WASHINGTON (Jul. 26)
Richard Jones, President Bush’s nominee as the next U.S. ambassador to Israel, is a career Middle East hand well-known among his colleagues as a straight-shooting purveyor of U.S. foreign policy, with a disarmingly goofy sense of humor. Israelis will be pleased to know that one of Jones’ few brushes with controversy came in 1997 when, as the U.S. ambassador to Lebanon, he incurred Hezbollah’s wrath for grieving 73 Israeli troops who died in a helicopter accident en route to the front.
In his most recent capacity as a senior adviser on Iraq, Jones’ willingness to stump for a troubled occupation that many of his colleagues would rather avoid has won him the affection of Secretary of State Condoleezza Rice.
Since March 1, Jones, 54, has served as Rice’s senior adviser on Iraq policy, entering her inner circle of advisers.
That qualification makes Jones a good choice, said Abraham Foxman, the national director of the Anti-Defamation League, who noted that Jones otherwise is an unknown quantity in the Jewish community.
“The key part is his relationship to the secretary of state and his experience in the Middle East,” Foxman said. “The secretary of state is building her team. This is a very good indication of how seriously she’s looking at it.”
If confirmed by the Senate, Jones — an Arabic speaker who has held several Middle East posts — will succeed Daniel Kurtzer, the first observant Jew to serve as ambassador to Israel. Kurtzer is currently completing a four-year term.
One immediate advantage for Jones is that he is not burdened by Kurtzer’s Jewishness, Foxman said.
“Kurtzer ended up being analyzed and subanalyzed” by Jews in Israel and the United States, Foxman said, “which was not appropriate. He was a representative of the U.S. government, period.”
Jones has been best known in recent years for his unstinting optimism about Iraq. In May 2004, he told a conference in Kuwait, where he was serving as ambassador, that “despite the steady drumbeat of negative news that we all receive every day about the situation in Iraq, I am absolutely optimistic about the country’s long-term prospects.”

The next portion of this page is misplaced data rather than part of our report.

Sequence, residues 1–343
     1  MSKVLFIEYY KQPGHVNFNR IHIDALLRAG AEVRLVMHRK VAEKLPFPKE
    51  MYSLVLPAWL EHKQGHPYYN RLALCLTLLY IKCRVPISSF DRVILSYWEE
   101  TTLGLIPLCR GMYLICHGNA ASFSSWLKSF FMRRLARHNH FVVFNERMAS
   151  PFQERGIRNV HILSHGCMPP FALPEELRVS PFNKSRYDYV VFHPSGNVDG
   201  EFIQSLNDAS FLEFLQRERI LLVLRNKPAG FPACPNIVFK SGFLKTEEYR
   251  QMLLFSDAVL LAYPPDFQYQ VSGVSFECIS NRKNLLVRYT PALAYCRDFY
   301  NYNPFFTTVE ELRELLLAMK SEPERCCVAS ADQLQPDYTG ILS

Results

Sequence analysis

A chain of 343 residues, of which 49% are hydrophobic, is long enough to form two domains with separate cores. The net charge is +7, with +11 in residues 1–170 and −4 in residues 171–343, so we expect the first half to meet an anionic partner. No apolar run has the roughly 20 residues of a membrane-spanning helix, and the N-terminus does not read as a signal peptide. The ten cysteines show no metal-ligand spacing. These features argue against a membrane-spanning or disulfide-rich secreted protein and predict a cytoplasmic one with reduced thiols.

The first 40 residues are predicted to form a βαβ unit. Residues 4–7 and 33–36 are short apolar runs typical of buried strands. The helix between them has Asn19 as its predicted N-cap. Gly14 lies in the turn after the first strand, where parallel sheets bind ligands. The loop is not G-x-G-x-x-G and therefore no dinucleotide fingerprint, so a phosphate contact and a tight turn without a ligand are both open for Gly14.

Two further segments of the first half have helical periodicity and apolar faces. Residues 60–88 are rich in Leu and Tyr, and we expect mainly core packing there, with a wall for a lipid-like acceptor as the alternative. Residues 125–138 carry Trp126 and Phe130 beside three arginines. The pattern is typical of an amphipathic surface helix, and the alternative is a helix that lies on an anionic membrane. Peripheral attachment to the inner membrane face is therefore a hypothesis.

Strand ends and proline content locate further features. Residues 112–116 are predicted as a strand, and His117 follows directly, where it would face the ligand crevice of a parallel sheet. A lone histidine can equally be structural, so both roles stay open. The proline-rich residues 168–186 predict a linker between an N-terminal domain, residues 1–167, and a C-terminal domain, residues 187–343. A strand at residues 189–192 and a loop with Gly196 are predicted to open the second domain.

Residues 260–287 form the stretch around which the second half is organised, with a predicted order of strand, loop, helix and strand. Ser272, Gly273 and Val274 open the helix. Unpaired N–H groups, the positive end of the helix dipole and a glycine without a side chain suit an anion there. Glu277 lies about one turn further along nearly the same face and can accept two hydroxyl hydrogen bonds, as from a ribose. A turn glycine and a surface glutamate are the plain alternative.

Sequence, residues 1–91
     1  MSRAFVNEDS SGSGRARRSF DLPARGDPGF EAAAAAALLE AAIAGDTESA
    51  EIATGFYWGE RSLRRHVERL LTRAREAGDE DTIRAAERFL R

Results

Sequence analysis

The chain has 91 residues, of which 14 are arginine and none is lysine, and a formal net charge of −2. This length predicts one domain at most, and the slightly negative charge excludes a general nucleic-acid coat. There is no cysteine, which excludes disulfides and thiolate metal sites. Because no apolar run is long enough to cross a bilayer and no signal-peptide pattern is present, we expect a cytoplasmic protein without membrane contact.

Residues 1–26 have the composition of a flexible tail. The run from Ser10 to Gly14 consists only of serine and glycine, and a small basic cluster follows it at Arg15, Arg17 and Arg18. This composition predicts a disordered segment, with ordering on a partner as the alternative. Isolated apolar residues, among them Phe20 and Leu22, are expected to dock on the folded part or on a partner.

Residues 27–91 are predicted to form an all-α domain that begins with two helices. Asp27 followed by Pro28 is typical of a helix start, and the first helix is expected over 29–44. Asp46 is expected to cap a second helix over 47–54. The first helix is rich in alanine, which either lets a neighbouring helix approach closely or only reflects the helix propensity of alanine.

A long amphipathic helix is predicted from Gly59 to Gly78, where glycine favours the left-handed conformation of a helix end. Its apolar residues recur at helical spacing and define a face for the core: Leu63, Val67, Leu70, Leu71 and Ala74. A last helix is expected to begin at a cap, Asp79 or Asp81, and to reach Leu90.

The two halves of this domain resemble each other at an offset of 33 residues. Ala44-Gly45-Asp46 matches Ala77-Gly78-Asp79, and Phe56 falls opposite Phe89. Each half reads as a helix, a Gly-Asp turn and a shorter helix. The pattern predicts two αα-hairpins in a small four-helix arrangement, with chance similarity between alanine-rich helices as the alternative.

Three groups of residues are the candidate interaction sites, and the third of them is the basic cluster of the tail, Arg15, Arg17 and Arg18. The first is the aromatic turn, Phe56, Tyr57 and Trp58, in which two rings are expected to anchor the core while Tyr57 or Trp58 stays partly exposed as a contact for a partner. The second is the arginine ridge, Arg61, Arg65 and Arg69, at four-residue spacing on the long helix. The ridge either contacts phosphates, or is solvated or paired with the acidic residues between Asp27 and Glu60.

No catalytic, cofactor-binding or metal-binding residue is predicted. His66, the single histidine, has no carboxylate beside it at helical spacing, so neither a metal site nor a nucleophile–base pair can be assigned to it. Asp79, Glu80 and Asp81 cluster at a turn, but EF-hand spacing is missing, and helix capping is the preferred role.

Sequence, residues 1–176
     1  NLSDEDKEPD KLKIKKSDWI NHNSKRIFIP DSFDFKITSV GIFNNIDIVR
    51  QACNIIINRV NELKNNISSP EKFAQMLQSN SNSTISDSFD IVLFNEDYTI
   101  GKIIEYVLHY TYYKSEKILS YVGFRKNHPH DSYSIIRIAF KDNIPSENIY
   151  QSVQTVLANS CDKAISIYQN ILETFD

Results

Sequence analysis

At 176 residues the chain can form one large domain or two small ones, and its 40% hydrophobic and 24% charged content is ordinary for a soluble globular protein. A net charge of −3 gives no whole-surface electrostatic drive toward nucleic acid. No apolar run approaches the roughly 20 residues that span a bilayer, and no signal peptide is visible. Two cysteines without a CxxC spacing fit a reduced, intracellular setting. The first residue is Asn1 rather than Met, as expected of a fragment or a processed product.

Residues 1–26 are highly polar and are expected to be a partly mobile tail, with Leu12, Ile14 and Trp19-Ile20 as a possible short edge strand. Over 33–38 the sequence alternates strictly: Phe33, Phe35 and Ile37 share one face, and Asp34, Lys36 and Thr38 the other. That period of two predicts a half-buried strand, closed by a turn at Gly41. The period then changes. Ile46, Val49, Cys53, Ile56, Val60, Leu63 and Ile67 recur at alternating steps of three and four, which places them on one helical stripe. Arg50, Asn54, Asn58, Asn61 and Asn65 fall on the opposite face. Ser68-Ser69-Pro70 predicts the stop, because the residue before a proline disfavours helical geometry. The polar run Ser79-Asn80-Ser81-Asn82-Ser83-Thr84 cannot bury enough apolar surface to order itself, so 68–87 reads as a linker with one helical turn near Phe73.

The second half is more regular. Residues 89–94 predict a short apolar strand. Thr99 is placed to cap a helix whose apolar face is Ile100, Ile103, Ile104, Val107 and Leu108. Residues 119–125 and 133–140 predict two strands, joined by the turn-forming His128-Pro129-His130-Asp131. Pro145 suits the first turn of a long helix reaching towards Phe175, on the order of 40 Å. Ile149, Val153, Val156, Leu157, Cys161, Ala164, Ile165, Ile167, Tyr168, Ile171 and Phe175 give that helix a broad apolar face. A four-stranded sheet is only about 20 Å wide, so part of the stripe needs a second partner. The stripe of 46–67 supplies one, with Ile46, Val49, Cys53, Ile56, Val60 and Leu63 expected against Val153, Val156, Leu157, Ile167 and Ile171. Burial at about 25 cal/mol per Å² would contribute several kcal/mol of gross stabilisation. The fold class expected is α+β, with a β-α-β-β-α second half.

That preceded a deepening of the Iraqi resistance that has proven increasingly bloody.
David Mack, a former assistant deputy secretary of state, attended the Kuwait colloquium and said at the time that the outlook Jones put forward was naive.
In an interview this week, Mack — the vice president of the Middle East Institute in Washington — stressed that he had not meant to criticize Jones directly. Jones was acting as a consummate professional, Mack said, advocating U.S. policy to the best of his abilities.
“He has come across with the highest praise, from host governments and U.S. governments,” Mack told JTA. “He’s a damn good choice.”
Bart Marcois, a former Foreign Service officer who was close to Jones in Kuwait, agreed.
“He was always keenly interested in carrying out the exact instructions of the White House and the Department of State,” he told JTA.
Journalists appreciate Jones for his straight-up answers; in one instance, that got him into trouble when a reporter in Beirut asked him to comment on the 1997 helicopter accident on Israel’s border with Lebanon.